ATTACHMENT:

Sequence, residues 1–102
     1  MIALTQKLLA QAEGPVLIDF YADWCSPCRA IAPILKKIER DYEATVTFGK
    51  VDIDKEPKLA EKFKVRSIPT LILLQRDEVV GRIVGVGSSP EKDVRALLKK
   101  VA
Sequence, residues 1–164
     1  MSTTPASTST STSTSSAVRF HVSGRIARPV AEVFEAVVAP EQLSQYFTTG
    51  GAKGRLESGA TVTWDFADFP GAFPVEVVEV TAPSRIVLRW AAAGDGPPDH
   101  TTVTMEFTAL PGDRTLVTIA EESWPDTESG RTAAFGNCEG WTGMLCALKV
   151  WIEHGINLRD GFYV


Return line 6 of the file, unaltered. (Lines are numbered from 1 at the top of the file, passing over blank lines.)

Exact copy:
     1  MSTTPASTST STSTSSAVRF HVSGRIARPV AEVFEAVVAP EQLSQYFTTG